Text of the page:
PROJECT MANAGEMENT(3.0 )PR01/22-05/14ONLINEONLINER. Wilson
MGMT 0346-501(41259)
MGMT 0346 Leadership (3)
Comprehensively examines evolving leadership theory and practice, from trait theory to modern theories of the leadership process, power, leadership styles, situational leadership, contingency theory, and team leadership. Further topics include diversity, ethics, globalization, popular approaches to leadership, and women and men as leaders. The primary course objective is to prepare students for leadership roles in organizations. Students will lean through experiential exercises, lectures, readings, focused videos, and team projects.
LEADERSHIP(3.0 )PR01/22-05/14ONLINEONLINEJ. Raschilla
MRKT 0231-501(41258)
MRKT 0231 Marketing Management (3)
A developmental survey into the field of marketing in business, which will study the roles of marketers in business and society as a whole. Concentration shall be placed on defining marketing, the role of a marketing executive, the various systems of marketing, and the economic factors that affect marketing. In order to probe these questions, the course shall examine consumer behavior, purchase decision making, product pricing, policy and planning, channels of distribution in business, and marketing institutions and organizations. Further dimensions of advertising, marketing research, analysis, forecasting, and marketing information flows, controls, and performance shall be explored.
MARKETING MANAGEMENT(3.0 )01/22-05/14ONLINEONLINED. Hughes
MRKT 0306-501(41260)
MRKT 0306 Logistics Management (3)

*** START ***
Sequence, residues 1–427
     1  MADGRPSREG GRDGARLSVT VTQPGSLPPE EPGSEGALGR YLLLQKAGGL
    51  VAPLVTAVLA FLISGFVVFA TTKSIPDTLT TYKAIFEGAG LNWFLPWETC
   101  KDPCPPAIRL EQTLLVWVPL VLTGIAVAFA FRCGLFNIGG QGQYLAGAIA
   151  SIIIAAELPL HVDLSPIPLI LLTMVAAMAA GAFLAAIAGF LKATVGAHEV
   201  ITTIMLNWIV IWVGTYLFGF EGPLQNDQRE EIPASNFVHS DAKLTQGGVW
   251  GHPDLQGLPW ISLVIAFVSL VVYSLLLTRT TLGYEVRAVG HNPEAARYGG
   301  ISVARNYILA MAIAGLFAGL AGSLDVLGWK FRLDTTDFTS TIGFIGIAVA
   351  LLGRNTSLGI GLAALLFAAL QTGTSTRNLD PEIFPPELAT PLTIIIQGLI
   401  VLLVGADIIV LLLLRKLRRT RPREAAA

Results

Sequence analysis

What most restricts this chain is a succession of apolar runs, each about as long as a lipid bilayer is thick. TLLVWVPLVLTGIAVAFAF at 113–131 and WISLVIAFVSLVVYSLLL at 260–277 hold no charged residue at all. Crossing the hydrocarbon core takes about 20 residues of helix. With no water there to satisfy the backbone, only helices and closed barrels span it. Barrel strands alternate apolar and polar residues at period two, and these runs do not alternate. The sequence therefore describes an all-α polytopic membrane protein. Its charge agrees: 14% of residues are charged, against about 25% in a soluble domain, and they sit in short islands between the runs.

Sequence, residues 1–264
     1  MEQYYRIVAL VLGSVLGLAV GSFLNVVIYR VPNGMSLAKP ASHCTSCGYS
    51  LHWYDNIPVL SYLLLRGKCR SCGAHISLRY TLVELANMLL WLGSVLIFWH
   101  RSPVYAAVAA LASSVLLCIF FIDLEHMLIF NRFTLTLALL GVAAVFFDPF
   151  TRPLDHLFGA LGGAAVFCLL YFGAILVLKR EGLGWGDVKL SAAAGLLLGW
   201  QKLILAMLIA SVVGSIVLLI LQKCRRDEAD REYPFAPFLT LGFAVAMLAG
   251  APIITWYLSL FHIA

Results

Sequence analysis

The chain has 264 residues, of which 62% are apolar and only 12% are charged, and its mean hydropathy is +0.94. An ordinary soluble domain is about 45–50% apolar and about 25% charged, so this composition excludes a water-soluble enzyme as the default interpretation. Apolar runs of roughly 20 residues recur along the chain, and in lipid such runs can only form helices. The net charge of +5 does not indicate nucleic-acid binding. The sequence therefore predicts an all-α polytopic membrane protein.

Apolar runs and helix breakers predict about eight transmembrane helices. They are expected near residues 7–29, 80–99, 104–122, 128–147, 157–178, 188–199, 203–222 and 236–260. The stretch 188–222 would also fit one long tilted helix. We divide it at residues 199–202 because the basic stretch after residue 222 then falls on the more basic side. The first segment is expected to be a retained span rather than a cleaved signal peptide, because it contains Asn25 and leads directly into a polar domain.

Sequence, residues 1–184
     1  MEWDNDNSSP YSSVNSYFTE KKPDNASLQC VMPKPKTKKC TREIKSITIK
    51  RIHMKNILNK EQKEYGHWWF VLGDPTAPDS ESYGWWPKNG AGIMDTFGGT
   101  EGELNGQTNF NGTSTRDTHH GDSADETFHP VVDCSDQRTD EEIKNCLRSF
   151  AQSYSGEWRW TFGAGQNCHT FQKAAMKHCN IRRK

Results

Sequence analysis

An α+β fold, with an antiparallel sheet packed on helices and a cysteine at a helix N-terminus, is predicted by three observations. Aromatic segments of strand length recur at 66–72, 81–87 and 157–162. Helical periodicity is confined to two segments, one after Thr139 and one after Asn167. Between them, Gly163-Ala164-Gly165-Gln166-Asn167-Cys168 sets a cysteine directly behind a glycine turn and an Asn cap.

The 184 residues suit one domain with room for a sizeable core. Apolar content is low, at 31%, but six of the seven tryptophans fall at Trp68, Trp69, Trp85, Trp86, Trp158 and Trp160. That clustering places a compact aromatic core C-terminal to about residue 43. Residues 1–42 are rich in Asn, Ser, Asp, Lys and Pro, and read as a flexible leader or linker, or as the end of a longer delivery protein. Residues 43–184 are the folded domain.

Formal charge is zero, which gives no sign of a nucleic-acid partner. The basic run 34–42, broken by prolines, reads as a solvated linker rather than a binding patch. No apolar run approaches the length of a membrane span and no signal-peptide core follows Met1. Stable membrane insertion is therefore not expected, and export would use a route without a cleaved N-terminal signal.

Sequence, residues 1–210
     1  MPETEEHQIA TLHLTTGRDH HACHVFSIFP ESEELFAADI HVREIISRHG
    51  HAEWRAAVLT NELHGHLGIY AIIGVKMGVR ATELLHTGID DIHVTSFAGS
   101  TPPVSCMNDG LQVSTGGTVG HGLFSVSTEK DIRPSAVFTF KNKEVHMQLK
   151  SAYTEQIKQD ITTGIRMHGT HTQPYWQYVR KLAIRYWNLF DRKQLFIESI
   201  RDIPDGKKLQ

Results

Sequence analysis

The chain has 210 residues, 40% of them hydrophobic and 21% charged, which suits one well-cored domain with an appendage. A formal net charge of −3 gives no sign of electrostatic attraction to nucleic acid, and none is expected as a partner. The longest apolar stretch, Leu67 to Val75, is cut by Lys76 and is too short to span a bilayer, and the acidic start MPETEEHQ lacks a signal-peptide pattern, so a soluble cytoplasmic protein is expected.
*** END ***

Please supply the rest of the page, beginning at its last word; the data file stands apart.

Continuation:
The process of planning, implementing, and controlling the efficient flow and storage of raw materials, in-process inventory, finished goods, and related information from point of origin to point of consumption for the purpose of conforming to customer requirements. Logistics is a systems approach to business problems and company objectives that can be realized by recognizing the mutual interdependence of the functional areas of the firm.
LOGISTICS MANAGEMENT(3.0 )PR01/22-05/14ONLINEONLINEG. Merlo
MRKT 0309-501(41261)
MRKT 0309 Sales and Sales Management (3)
A course in effective salesmanship and how to set up and control a field sales organization. Course emphasizes the role of personal selling in the marketing mix and covers all basic sales management issues.
SALES AND SALES MANAGEMENT(3.0 )PR01/22-05/14ONLINEONLINEG. Healy
MRKT 0337-501(41262)
MRKT 0337 Consumer Behavior (3)
By gaining a better understanding of the factors that affect consumer behavior, marketers are in a better position to predict how consumers will respond to their marketing strategies. Consumer Behavior draws on the Social Sciences in addition to the quantitative characteristics of the market such as: population patterns, income distribution, living standards, and occupational changes.
CONSUMER BEHAVIOR(3.0 )01/22-05/14ONLINEONLINEA. Furnelli
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Communication
Undergraduate Courses
CourseTitle Pre-req Core Start/End Dates DaysRoomInstructor
COMM 0101-501(40623)
COMM 0101 Introduction to Mass Communication (3)
Provides students with a comprehensive survey and critical analysis of mass communication. This is accomplished through the study of the history and structure of mass media industries and an examination of social, economic, political, cultural, and global factors that create the context in which media operate.